Updated March, 2019
So, you want a budget snorkeling camera to grab some memories? You are not looking for a complex photographic tool, and likely won't use the camera that much, so spending a bunch does not make sense.
That all makes sense to me. While I normally recommend higher end cameras with better features, the options on this page certainly fit the needs of a lot of people. So long as you are aware of the trade offs in durability and the quality of pictures and videos they produce, then have at it. Honestly it will cost $700 to get a significantly more durable camera. So we know a few people who buy two of these types of cameras, and keep one as a backup on a trip in case of failure; a good idea. Also, it can be a fun challenge to coax the best pictures you can out of a budget snorkeling camera, by learning what it can and cannot do. Then when you are ready to upgrade you will know better what you want. That is what we did.
Action Camera vs. Waterproof Camera - What's the Best Option?
We think at this price point, for someone inexperienced in photography, the best choice for a budget snorkeling camera is going to be the action cams. They have fast non-zooming lenses, which gives you a better chance of getting fish pictures and videos that are not blurry. And if you choose one that has a separate waterproof housing, it will also be very durable.
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Action cams have very wide angle fisheye lenses that do not have a mechanical zoom. They are more optimized for video, but can take still pictures. You need to be close to your subject with these wide angle lenses for your subject to be big in the picture. But as mentioned above, they generally have fast lenses, which is good for not having blurry fish pictures.
I have spent more time than I care to
say researching a good GoPro alternative that is both affordable, but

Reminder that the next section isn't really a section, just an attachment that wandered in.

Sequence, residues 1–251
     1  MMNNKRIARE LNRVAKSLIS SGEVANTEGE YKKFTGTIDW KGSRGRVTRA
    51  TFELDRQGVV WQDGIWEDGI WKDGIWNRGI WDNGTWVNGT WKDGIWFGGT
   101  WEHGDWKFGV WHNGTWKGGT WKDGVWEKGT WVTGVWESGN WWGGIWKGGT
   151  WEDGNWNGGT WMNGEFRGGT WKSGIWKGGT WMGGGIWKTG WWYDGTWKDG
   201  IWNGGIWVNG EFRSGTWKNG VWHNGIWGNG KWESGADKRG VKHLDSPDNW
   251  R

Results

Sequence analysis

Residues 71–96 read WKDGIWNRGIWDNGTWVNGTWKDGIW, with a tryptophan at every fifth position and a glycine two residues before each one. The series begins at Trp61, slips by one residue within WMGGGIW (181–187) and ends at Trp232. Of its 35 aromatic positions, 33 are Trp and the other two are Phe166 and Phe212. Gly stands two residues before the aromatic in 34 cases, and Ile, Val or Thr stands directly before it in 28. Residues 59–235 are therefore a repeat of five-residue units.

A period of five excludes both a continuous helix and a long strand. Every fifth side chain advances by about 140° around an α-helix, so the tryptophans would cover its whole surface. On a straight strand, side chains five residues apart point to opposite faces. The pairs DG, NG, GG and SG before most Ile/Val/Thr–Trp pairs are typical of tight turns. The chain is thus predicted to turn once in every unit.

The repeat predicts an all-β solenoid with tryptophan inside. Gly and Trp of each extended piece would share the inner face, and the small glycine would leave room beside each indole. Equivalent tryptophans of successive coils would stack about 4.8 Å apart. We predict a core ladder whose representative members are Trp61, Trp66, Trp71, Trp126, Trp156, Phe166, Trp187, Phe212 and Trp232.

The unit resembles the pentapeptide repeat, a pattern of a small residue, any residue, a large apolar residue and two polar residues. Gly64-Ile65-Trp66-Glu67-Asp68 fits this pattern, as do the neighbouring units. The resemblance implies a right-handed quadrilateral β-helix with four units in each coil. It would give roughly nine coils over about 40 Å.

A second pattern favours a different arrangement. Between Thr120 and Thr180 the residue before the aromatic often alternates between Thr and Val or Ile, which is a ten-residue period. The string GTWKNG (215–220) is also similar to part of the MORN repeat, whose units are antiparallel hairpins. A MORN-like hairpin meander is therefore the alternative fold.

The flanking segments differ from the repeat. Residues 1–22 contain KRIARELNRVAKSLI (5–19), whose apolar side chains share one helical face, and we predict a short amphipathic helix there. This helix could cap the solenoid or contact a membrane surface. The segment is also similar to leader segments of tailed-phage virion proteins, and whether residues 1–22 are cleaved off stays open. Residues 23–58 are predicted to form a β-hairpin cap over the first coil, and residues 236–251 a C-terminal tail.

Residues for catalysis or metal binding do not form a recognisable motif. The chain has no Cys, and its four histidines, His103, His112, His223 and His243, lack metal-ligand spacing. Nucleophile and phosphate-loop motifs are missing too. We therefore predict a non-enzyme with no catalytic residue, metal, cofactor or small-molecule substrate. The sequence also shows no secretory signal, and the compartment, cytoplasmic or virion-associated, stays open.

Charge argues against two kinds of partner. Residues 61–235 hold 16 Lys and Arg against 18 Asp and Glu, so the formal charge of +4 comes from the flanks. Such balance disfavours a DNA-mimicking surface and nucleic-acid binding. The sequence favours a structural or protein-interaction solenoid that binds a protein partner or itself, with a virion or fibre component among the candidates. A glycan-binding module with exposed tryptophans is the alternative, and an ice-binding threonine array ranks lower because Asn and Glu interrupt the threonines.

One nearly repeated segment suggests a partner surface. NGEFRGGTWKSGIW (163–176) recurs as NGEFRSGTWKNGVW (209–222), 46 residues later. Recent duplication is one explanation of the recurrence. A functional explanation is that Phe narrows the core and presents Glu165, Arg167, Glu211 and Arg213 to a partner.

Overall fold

will also give good results while snorkeling. There are a ton of budget snorkeling camera options
by different companies, and each company has many models. I narrowed things down to companies that have been around awhile and are generally respected, like AKASO, YI, SJCAM and the outright cheapest snorkeling camera, the popular Campark. Next I looked for features that are important underwater, namely a diving/underwater mode for better colors, image stabilization, and an included waterproof housing.
AKASO V50 Pro - $120 - Available from Amazon here. Judging from features, reviews, and example videos I will be testing the Akaso V50 Pro on our next trip, and providing a full review. Sign up for our newsletter to see that review. For the price, this budget snorkeling camera offers what appears to be excellent video quality. And since it has a diving mode, that adjusts for the blue color underwater, the colors in the sample videos I could find look very good, compared to lower budget options like the Campark. It also offers digital image stabilization that really improves jerky looking videos. Plus it comes with an underwater housing, that will make this camera very durable.